The Vegan part might be a bit unclear for some of you. My definition of vegan is one who consumes no animal products. That means no meat or fish but also no dairy, eggs, or honey. I have been vegan since January of 1996. I decided to go vegan because of the way animals are treated to become food and I did not want to have anything to do with animal cruelty. I will inevitably get more into this through blog posts.
So The Gay Vegans? Well, the title refers to Mike and I. This blog will be about my experiences with being gay and being vegan, two communities of people that don't always mix (and at times judge each other). Another reason for this title is because this is how I refer to Mike and I many times, and also the fact that in our world there are not many gay male vegans around. In the broader world there are, and I will introduce some of them as the blog continues. I would also like to add that this will definitely be a work in progress.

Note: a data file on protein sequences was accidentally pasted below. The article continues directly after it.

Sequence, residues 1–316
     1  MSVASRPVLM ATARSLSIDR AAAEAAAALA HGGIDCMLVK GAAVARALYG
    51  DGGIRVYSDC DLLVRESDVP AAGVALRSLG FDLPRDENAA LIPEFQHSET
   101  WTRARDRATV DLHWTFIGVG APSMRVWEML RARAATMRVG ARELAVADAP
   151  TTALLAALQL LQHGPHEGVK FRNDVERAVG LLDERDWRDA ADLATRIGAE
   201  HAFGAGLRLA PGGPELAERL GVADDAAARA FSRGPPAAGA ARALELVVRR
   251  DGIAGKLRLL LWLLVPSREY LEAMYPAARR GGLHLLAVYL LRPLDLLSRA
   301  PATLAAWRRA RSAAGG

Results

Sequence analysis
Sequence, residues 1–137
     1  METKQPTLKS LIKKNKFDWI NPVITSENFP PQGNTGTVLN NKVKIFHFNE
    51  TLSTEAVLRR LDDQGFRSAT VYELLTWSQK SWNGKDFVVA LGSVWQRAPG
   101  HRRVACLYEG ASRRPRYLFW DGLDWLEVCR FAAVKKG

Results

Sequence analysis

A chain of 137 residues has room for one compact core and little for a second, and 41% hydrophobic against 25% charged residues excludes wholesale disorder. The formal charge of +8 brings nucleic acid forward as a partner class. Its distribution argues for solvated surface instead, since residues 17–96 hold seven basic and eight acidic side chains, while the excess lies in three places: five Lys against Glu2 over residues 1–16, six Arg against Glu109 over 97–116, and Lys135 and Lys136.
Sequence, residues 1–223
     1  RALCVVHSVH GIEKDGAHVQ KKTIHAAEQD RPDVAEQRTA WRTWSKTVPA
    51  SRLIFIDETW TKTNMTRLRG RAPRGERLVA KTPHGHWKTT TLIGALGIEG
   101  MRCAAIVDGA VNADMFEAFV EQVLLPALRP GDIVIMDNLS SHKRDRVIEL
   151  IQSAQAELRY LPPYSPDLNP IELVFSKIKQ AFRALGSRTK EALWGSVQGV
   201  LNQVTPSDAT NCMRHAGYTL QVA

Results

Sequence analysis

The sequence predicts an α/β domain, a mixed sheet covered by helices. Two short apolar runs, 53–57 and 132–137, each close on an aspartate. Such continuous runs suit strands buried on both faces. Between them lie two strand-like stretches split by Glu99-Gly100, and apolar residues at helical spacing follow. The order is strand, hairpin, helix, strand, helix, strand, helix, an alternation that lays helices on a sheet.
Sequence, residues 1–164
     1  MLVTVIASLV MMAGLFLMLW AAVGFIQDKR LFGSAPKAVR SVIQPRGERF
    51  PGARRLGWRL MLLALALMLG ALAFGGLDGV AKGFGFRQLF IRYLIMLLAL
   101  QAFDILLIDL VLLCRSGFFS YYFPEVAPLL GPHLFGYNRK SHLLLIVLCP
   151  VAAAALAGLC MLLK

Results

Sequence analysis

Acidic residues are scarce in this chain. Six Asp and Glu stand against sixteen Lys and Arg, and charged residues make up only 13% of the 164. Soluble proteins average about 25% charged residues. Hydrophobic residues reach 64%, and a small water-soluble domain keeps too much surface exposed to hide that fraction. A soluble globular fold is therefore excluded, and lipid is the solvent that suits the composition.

Another inevitable result of this blog is that there will be many differing opinions in what I write about. Please know (and if you are a current reader of my fundraising blog you'll already know this) that everything I write is my own opinion or experience, sometimes shared with experiences and opinions of my husband. I never mean to offend in any way, and my life experiences tell me that what I experience as a gay vegan is not necessarily what other gay people or vegans or both experience.
I appreciate you reading this, and hope to keep you interested as I write more posts. The huge and incredible feedback I have received from readers of Fundraising for Free! have encouraged me and inspired me and my hope is that The Gay Vegans will be just as well received.